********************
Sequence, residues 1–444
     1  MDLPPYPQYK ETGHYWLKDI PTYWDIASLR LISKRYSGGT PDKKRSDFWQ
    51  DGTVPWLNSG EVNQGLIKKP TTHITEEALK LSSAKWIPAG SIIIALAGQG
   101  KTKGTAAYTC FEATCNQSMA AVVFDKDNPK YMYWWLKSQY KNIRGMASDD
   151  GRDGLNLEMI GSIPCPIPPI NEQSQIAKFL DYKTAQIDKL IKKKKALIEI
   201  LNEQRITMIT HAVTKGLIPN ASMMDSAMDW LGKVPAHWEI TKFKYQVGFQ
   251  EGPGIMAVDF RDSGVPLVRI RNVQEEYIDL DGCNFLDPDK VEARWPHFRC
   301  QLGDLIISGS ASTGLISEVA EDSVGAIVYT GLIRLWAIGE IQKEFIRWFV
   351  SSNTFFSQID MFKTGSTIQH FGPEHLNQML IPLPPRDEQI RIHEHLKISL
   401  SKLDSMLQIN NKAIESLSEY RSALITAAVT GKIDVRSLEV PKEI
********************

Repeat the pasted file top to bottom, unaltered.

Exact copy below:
Sequence, residues 1–444
     1  MDLPPYPQYK ETGHYWLKDI PTYWDIASLR LISKRYSGGT PDKKRSDFWQ
    51  DGTVPWLNSG EVNQGLIKKP TTHITEEALK LSSAKWIPAG SIIIALAGQG
   101  KTKGTAAYTC FEATCNQSMA AVVFDKDNPK YMYWWLKSQY KNIRGMASDD
   151  GRDGLNLEMI GSIPCPIPPI NEQSQIAKFL DYKTAQIDKL IKKKKALIEI
   201  LNEQRITMIT HAVTKGLIPN ASMMDSAMDW LGKVPAHWEI TKFKYQVGFQ
   251  EGPGIMAVDF RDSGVPLVRI RNVQEEYIDL DGCNFLDPDK VEARWPHFRC
   301  QLGDLIISGS ASTGLISEVA EDSVGAIVYT GLIRLWAIGE IQKEFIRWFV
   351  SSNTFFSQID MFKTGSTIQH FGPEHLNQML IPLPPRDEQI RIHEHLKISL
   401  SKLDSMLQIN NKAIESLSEY RSALITAAVT GKIDVRSLEV PKEI